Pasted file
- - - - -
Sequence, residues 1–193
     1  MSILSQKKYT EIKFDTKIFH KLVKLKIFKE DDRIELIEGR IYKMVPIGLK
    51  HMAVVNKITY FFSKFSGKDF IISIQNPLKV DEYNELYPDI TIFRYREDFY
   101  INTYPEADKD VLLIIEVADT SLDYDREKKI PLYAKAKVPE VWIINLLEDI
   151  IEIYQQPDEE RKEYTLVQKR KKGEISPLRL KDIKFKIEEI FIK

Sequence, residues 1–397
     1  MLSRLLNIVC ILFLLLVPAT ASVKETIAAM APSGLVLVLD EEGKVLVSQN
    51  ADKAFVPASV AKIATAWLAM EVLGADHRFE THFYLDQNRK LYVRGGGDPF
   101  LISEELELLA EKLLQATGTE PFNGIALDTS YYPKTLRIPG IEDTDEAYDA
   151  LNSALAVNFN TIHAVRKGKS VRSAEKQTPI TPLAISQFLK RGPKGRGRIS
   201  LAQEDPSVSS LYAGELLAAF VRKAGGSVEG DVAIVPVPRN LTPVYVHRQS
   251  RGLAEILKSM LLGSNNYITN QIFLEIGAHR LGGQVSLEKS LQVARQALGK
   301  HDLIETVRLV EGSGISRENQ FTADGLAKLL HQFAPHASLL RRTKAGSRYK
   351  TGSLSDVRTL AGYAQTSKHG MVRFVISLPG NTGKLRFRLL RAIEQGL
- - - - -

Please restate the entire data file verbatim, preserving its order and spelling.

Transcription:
Sequence, residues 1–193
     1  MSILSQKKYT EIKFDTKIFH KLVKLKIFKE DDRIELIEGR IYKMVPIGLK
    51  HMAVVNKITY FFSKFSGKDF IISIQNPLKV DEYNELYPDI TIFRYREDFY
   101  INTYPEADKD VLLIIEVADT SLDYDREKKI PLYAKAKVPE VWIINLLEDI
   151  IEIYQQPDEE RKEYTLVQKR KKGEISPLRL KDIKFKIEEI FIK

Sequence, residues 1–397
     1  MLSRLLNIVC ILFLLLVPAT ASVKETIAAM APSGLVLVLD EEGKVLVSQN
    51  ADKAFVPASV AKIATAWLAM EVLGADHRFE THFYLDQNRK LYVRGGGDPF
   101  LISEELELLA EKLLQATGTE PFNGIALDTS YYPKTLRIPG IEDTDEAYDA
   151  LNSALAVNFN TIHAVRKGKS VRSAEKQTPI TPLAISQFLK RGPKGRGRIS
   201  LAQEDPSVSS LYAGELLAAF VRKAGGSVEG DVAIVPVPRN LTPVYVHRQS
   251  RGLAEILKSM LLGSNNYITN QIFLEIGAHR LGGQVSLEKS LQVARQALGK
   301  HDLIETVRLV EGSGISRENQ FTADGLAKLL HQFAPHASLL RRTKAGSRYK
   351  TGSLSDVRTL AGYAQTSKHG MVRFVISLPG NTGKLRFRLL RAIEQGL